Friday, May 11, 2012

Pictures Of Tattoos

I wanted to carry on with an idea from yesterday, namely the idea that the naked body is seen without thought to class, country, or culture. I've heard it said in the context of photography, and have found it to be mostly true. Mostly true, but not entirely.

The activities of one's life does show on the body. A physical laborer will have calloused hands and probably strong muscles. A person of privilege will probably have healthy skin (fair or tan, depending on the culture) and a trim figure (again depending on culture). A fighter may be strong like the laborer, but will have a good posture and may wear the scars of battle.

Despite all of the varieties the human form can take, when you take a picture of the human body, you are seeing the person as a whole. Even a person who has a notable deformity like scars or amputations, I find that they are still whole people in photography.

The difference for me is with tattoos. I don't have anything against them or people who have them, but I find that whenever I see a picture of a person who has a tattoo, it always looks like a picture of a tattoo. The person seems secondary.

Part of it could be my bias, because they are so alien when it comes to human flesh that I focus on them. Part of it could also be the photographers, choosing to shoot in a way that shows off the tattoos. I'm sure it is a combination of both, since there are exceptions here and there. But in general, whenever I see a picture of a person with a tattoo, especially a nude, I cannot see the person as a whole.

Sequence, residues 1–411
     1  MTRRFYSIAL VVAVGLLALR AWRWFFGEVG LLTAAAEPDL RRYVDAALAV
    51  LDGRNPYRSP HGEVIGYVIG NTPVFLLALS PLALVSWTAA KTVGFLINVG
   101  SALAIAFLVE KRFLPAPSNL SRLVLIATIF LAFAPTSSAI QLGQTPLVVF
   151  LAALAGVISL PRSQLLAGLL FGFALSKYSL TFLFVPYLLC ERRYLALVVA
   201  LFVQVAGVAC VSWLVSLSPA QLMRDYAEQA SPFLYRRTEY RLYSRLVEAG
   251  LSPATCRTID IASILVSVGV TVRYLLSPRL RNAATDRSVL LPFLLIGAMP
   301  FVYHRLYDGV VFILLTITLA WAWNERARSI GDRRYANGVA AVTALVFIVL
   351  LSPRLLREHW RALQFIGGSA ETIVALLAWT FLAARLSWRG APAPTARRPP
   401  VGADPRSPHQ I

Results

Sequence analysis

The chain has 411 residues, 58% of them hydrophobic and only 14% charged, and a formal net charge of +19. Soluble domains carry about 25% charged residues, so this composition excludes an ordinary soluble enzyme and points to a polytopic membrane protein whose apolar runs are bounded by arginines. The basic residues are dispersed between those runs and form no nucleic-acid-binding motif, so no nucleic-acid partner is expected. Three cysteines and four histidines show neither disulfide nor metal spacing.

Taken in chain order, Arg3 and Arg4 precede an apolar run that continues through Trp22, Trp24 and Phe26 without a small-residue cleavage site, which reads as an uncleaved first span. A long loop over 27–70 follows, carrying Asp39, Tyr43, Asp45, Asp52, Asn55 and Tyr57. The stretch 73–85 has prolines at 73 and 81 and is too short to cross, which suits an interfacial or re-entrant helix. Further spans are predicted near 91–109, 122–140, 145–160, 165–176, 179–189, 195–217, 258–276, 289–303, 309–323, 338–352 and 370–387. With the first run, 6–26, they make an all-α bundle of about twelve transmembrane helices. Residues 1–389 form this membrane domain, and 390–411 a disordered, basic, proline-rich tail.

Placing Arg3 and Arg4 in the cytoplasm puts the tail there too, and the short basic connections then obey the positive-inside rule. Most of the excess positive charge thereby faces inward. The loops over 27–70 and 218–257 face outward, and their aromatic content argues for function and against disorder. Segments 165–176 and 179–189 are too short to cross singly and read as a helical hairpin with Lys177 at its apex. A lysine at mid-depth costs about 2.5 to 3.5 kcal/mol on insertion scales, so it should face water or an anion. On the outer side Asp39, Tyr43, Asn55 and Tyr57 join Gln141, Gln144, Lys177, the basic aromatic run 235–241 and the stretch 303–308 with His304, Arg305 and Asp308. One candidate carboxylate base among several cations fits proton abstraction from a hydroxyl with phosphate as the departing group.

In a sense, a tattoo becomes a kind of permanent clothing. Your natural body can no longer be seen. The standard argument is that a tattoo is an expression of a person beyond what their natural body shows, and as such, they are more real and exposed than an unmarked person. I won't say that they are wrong, but I will say that not everybody gets such meaningful tattoos.

In prose writing, it is interesting because the tattoo only exists when you mention it and, unless the reader is constantly thinking about it, it goes away when not mentioned for a while. So in a sense, you can see the person as a whole. Though, prose will always be quite different from photography.

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